Randall Trucking Symposium: Tackling the big challenges

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Newt Gingrich says advertising by lawyers should be outlawed. The message of legal ads on TV, he said, is: “Do you feel someone near you has more money than you do? Come by for a free consultation, and we’ll set up a blackmail plan.”

Several hundred trucking executives convened May 23-25 in Tuscaloosa, Ala., for the annual Randall Trucking Spring Symposium, organized by Commercial Carrier Journal. Symposium attendance is by invitation only, but in the next several pages you can glean some of the key observations and insights of the expert presenters.

The Randall Trucking Spring Symposium is sponsored by Caterpillar, Comdata, Goodyear Tire & Rubber, International Truck and Engine Corp., Maddocks Systems, Parker Hannifin’s Racor Division, Pegasus TransTech, PeopleNet, Roadranger, Shell Lubricants and TravelCenters of America.

Gingrich: America must embrace the future
Former House speaker envisions hydrogen-based economy

“If you aren’t an optimist about the future, you don’t understand America,” Newt Gingrich, former speaker of the U.S. House, told the Randall Trucking Spring Symposium. “It doesn’t matter what anyone else does,” Gingrich said. “It matters what we do. A free people can change anything.”

Gingrich did not allude to talk that he is considering a 2008 run for president, but he shared his views on “litigation, taxation, regulation and education,” as well as health-care costs, oil imports and other hot issues. His biggest applause line was his recommendation that the IRS allow all equipment purchases to be written off on taxes the first year, as an incentive to companies to keep buying. “Anything that discourages investment in new equipment and new technology is antithetical,” he said.

Gingrich strongly advocates new engine technologies. “The United States must invest in more alternate fuels,” rather than being economically dependent on “medieval kingdoms,” Gingrich said. “Venezuela, Saudi Arabia, Uzbekistan – these are not stable places.”

“We need a national security drive on hydrogen,” Gingrich said. “A hydrogen engine changes the whole economy. It wipes out all the problems of the Kyoto accords, because its only byproduct is water. It eliminates our dependence on the Middle East.”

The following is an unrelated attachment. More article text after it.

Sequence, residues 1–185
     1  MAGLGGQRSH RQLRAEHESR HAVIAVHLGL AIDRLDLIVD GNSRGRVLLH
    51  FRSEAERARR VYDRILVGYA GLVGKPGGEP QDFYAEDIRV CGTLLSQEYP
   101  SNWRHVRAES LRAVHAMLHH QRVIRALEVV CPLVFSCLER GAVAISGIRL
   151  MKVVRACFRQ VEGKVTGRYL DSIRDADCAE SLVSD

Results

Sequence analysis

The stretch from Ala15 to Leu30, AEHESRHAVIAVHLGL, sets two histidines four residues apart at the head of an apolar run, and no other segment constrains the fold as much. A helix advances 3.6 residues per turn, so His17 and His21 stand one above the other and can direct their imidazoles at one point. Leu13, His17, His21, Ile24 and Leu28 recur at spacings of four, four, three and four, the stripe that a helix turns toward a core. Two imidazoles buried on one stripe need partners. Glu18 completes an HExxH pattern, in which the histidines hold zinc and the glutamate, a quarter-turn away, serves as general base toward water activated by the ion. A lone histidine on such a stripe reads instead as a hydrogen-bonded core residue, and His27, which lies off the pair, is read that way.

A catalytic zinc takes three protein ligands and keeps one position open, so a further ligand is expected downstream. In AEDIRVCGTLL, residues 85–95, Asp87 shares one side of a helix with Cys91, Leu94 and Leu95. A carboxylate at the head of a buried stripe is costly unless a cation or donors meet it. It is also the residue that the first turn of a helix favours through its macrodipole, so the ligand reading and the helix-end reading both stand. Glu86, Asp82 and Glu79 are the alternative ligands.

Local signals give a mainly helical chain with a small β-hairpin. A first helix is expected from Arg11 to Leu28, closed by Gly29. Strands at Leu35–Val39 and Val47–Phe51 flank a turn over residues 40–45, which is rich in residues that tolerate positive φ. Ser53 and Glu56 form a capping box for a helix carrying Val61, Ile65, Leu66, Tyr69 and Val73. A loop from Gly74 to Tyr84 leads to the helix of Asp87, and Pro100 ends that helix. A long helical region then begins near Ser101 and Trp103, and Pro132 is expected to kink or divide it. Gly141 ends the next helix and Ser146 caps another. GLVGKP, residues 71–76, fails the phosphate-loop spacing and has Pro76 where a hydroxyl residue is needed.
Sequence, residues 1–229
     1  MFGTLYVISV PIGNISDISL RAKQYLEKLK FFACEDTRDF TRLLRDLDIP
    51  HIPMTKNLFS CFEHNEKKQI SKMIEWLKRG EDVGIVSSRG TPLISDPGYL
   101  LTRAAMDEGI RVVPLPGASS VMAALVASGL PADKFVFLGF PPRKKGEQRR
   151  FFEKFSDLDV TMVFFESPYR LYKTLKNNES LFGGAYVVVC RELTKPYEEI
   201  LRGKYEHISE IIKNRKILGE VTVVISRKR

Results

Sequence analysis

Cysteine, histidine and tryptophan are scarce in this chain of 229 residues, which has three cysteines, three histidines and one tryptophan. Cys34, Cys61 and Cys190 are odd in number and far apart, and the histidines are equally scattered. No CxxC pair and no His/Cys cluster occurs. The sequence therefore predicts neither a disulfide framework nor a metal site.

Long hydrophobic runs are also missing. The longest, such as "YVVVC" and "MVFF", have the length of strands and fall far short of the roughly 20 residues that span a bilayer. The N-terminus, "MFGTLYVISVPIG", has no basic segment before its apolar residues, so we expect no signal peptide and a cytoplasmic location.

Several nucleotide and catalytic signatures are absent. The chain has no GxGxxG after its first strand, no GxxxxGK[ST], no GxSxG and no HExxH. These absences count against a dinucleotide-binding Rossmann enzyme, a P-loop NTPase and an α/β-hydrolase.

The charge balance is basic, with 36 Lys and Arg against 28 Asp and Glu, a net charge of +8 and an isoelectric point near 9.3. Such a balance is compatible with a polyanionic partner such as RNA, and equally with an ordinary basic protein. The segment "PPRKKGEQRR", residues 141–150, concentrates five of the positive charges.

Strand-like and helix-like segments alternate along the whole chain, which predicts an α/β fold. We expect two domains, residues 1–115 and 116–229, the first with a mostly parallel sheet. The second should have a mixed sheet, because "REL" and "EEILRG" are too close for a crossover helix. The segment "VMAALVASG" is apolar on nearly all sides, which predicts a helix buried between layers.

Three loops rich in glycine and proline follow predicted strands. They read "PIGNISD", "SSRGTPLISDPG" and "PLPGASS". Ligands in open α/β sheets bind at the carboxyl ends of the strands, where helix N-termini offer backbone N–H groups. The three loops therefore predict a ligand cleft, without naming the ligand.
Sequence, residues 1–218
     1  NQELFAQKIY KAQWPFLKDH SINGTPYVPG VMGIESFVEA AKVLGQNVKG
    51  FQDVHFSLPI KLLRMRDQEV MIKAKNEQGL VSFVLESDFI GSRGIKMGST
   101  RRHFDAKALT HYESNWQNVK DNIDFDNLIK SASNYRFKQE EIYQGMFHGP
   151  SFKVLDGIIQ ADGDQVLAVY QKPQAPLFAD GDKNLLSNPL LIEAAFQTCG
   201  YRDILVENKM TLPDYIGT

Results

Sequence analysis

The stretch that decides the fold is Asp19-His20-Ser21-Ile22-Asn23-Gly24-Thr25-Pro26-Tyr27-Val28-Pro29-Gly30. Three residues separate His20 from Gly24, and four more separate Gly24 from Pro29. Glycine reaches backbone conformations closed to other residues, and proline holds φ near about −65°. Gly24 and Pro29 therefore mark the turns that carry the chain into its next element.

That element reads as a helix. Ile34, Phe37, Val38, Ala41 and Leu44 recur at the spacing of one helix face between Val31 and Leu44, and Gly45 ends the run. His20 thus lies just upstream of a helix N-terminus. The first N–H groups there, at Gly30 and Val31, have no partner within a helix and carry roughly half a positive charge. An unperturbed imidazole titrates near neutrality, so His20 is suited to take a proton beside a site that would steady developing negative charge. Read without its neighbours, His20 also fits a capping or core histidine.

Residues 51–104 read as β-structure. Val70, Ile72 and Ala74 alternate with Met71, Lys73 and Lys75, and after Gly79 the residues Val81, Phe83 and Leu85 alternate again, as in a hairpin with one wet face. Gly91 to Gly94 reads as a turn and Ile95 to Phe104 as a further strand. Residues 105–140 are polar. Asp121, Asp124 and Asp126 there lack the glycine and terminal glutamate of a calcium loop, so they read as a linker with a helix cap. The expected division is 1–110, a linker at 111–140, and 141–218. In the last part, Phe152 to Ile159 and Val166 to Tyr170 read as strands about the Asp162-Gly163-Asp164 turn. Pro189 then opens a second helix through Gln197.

Ultimately, Americans must realize that the world is changing and embrace those changes, Gingrich contends. “The real debate in the United States is not liberal versus conservative, but past versus future,” Gingrich said.
Andy Duncan


Hamill: ‘I never did get discouraged’
Trucker kidnapped in Iraq tells his story

Thomas Hamill, a Mississippi trucker and dairy farmer, went to Iraq to haul freight for the war effort and make the kind of money not available to many drivers in the United States. Instead, Hamill got an adventure he never expected. Shot and kidnapped April 9, 2004, by insurgents who attacked his convoy, Hamill spent 24 days in captivity.

Back in the United States, the deaths of six truckers in the same ambush became a national story. And so did the missing trucker, as videos of his captivity were aired around the world. Meanwhile, the wounded Hamill struggled to stay alive while he waited and searched for his improbable opportunity for escape.

Hamill, who had 26 years’ experience as a truck driver when he signed up with KBR in Iraq in 2003, recounted the dramatic story to attendees of the Randall Trucking Spring Symposium. “I never did get discouraged,” he said, declaring that he had God to thank for his escape.

Despite the trials and tribulations of his captivity, Hamill encouraged trucking company owners to support their drivers thinking of going to Iraq and certainly returning from the war zone. “If you have drivers working over there or thinking about working over there, give them your blessing,” he said. “I hope you’ll open your arms and give them a job back when they come home. It’s a tough time over there for those drivers.”

With co-writer Paul Brown, Hamill has recounted the ordeal in a book, Escape in Iraq: The Thomas Hamill Story.
Sean Kelley


Costello: Strong freight ahead
Manufacturing won’t ease up – and neither will demand to haul what’s produced

Expect plenty of freight in the coming years but no relief from costly fuel or the driver shortage, according to Bob Costello, chief economist for the American Trucking Associations.

Freight demand has eased a little, “but when we get back to the fall freight season, it’s going to be very tight again,” said Costello in a presentation to industry executives at the Randall Trucking Spring Symposium.

Reports that U.S. manufacturing is dying because production is moving out of the country are misleading because they look only at jobs, Costello said. Technology gains allowed U.S. manufacturers to increase production by 60 percent during the 1990s, yet the manufacturing work force dropped 1 percent.